I was dredging the bottom-of-the-barrel quickie crypto and blockchain books on Amazon’s Kindle Unlimited on Saturday morning, and finding whole chapters lightly paraphrased from my own stuff. You know you’ve arrived when you’re being plagiarised!
(If you ever want to see a literary wasteland, search Kindle Unlimited, last 90 days, “blockchain.”)
One favourite source for the lower-effort authors was my Foreign Policy article on Facebook’s Libra sort-of-cryptocurrency. Libra may not exist — and might never exist — but there’s still plenty of interest in it.
So I asked some crypto contacts what questions normal people had asked them about Facebook’s whacky crypto-Bitcoiny thing — and any questions they had themselves.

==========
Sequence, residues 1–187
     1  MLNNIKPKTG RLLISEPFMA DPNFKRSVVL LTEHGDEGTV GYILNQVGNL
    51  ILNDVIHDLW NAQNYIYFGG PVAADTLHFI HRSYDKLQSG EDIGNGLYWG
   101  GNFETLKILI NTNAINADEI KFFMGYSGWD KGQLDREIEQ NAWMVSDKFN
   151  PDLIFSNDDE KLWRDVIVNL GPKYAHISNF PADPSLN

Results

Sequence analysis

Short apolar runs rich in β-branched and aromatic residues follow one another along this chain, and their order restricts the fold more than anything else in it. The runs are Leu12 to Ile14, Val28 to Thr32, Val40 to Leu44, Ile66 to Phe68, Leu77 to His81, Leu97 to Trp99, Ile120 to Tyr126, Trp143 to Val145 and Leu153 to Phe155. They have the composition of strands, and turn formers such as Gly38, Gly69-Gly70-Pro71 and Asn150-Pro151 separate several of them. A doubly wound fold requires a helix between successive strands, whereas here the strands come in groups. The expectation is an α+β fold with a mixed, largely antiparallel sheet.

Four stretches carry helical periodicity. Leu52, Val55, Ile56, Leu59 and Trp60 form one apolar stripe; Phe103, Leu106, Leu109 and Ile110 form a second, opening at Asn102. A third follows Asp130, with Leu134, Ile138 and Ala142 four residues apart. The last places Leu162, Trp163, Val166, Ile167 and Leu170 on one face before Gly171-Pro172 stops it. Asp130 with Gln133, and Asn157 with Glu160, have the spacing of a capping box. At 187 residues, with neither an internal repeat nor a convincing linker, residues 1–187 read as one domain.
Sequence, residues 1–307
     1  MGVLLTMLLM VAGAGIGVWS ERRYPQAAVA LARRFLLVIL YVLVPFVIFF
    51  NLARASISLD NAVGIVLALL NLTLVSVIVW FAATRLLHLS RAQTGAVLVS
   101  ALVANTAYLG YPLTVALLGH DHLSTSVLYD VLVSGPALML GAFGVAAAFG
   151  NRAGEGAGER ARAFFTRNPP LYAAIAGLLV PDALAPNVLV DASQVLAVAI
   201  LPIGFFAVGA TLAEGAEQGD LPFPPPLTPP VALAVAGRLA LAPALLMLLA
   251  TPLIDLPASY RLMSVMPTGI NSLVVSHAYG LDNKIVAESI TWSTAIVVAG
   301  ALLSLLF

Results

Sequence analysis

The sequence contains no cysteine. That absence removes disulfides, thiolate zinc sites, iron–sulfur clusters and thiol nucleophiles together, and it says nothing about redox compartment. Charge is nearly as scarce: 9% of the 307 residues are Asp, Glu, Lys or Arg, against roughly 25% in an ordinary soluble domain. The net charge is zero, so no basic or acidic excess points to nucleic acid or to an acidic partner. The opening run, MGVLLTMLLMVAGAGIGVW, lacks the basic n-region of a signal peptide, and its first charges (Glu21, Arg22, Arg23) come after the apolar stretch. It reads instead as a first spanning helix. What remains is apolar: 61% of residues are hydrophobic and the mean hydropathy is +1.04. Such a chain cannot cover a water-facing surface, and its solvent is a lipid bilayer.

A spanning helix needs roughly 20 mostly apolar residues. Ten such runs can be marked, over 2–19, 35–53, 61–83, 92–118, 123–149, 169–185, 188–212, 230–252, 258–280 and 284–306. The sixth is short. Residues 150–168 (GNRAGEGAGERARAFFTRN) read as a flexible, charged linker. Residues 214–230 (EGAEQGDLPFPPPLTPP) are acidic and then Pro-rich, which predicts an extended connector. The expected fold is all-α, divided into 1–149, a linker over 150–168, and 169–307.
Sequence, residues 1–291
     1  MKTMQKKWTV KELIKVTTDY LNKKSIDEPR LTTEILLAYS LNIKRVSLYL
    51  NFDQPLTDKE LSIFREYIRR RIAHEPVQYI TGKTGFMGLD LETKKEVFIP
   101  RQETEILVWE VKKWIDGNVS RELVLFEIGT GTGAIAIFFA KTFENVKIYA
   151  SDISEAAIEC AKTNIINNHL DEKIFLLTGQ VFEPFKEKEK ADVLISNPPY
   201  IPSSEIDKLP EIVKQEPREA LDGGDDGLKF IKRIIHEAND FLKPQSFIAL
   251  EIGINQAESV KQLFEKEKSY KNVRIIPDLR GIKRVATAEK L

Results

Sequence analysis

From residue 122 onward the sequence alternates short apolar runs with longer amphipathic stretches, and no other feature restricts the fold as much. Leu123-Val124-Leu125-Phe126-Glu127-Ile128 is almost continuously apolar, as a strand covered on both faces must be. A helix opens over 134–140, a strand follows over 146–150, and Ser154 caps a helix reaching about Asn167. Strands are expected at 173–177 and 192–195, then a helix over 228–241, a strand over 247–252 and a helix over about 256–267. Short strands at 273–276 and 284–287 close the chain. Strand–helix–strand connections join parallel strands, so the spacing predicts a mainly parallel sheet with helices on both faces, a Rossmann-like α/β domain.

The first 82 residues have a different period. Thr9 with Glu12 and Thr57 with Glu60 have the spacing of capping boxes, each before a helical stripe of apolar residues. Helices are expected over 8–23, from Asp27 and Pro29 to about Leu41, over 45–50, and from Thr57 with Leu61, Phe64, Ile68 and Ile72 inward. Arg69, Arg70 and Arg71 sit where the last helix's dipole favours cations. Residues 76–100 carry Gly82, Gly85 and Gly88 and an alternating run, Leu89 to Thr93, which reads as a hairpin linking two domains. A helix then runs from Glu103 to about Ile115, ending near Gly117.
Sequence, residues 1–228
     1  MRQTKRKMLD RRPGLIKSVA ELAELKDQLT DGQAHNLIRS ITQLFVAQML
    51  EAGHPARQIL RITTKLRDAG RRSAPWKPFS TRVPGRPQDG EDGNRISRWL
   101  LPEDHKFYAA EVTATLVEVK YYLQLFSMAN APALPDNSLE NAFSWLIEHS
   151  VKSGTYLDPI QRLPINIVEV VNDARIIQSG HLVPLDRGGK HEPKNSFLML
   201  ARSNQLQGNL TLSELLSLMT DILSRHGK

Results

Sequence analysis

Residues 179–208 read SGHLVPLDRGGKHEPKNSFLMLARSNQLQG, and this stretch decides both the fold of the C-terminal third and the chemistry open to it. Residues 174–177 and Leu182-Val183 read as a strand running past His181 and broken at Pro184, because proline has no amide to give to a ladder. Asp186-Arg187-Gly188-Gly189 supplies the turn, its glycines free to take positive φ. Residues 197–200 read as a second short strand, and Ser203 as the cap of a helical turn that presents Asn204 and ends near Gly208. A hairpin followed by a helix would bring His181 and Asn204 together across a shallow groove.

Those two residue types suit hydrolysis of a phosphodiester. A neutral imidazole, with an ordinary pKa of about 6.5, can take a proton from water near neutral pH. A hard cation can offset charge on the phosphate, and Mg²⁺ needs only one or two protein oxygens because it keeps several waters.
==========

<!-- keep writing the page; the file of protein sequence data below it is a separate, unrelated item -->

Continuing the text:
“The hell even is this?” and “why?” are what I hear.
Libra is a plan to set up an international payment system. It won’t run on dollars or euros or pounds, but on Facebook’s own currency — the Libra. So get used to doing annoying conversions all the time.
If you’re in the United States, Libra offers a fabulous futuristic world of “paying bills with the push of a button, buying a cup of coffee with the scan of a code, or riding your local public transit without needing to carry cash or a metro pass.” So, PayPal or Venmo, but it’s Facebook, and it’s in your Messenger, Instagram or WhatsApp.
If you live in Europe, Libra’s fabulous future is literally the present. I’ve had all those things for a while now. I’m wondering if anyone who worked on that bit of the documentation has ever left the US.
There’s also claims that Libra can “bank the unbanked,” but Libra don’t detail how that will work in any detail at all — any more than the bitcoiners who’ve been making that claim since 2013 have ever offered.